The New Temporary Skill Shortage Visa (TSS Visa)

22nd Mar 2018

On 18 March 2018, the new Temporary Skill Shortage (TSS or subclass 482) Visa program commenced. This visa program replaces the old subclass 457 visa program, which has now been abolished.

The new TSS visa is designed for Australian employers who have a genuine need to employ skilled workers on temporary resident visas.

The Australia Federal Government, through the new Department of Home Affairs, has implemented this change to address public concerns about the displacement of Australian workers. This transition to the new TSS visa program is aimed at better meeting Australia’s skill shortage needs and improving the quality, economic contribution and integration of skilled migrants.

The new TSS visa, similar to the old 457 visa program, has three mandatory stages:

  • Sponsorship – the employer proposing to hire one or more skilled worker(s) must lodge an application to become a Standard Business Sponsor (SBS). If approved, this SBS will last for 5 years, and will allow the employer to nominate the skilled workers they require in that time period.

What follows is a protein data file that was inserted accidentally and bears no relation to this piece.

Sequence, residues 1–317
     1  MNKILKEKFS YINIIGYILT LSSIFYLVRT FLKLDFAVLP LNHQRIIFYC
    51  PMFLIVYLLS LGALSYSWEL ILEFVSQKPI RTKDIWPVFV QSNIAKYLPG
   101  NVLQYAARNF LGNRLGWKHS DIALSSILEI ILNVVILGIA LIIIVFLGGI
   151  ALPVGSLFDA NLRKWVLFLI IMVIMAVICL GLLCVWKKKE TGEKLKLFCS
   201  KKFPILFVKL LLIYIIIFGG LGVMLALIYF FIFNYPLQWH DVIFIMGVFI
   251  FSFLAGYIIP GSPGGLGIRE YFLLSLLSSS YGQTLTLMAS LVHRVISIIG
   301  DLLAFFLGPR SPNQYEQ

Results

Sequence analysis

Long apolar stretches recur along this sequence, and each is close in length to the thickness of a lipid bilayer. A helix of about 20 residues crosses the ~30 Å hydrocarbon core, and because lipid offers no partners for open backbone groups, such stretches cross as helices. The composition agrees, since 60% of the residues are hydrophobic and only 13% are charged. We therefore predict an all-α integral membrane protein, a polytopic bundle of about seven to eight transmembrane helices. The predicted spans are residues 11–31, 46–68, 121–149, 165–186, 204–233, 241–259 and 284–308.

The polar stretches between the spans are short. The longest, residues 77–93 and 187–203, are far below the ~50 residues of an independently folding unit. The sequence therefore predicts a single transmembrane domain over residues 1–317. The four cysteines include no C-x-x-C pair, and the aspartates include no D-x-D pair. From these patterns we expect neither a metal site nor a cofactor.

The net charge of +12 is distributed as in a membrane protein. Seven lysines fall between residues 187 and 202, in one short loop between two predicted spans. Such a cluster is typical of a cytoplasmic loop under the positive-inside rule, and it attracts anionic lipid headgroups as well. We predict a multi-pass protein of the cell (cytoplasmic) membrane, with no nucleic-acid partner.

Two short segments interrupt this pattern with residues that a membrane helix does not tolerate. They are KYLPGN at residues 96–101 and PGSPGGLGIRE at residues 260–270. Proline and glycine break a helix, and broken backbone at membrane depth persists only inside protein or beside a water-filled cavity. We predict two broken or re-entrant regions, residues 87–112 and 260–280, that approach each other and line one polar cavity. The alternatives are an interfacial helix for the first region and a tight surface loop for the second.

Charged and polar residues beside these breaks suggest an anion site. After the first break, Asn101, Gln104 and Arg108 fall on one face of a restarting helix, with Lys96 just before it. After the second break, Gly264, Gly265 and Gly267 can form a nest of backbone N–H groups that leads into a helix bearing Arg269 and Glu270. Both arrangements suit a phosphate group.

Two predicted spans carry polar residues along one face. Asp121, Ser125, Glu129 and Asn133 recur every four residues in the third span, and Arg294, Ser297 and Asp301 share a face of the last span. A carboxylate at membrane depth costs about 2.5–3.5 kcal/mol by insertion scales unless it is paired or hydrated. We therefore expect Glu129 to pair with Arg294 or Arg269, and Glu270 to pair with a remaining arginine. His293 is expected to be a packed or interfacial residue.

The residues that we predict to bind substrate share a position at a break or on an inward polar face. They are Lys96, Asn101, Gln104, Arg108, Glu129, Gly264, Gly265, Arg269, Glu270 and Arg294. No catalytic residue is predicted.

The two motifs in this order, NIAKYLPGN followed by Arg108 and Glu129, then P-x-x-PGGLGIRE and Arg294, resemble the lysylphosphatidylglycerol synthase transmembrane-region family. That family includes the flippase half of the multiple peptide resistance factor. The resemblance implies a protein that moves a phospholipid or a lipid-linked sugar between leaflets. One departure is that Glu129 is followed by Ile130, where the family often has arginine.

• Nomination- the employer must then nominate each skilled worker they wish to employ. The worker must have an occupation on the Department of Home Affairs’ occupations lists for the TSS visa.
  • Application- the overseas skilled worker must then lodge their visa application, showing they have the skills and qualifications necessary to fulfil the position.

This article aims to help existing subclass 457 visa holders, potential TSS applicants, and employers who sponsor temporary skilled workers to navigate these visa changes.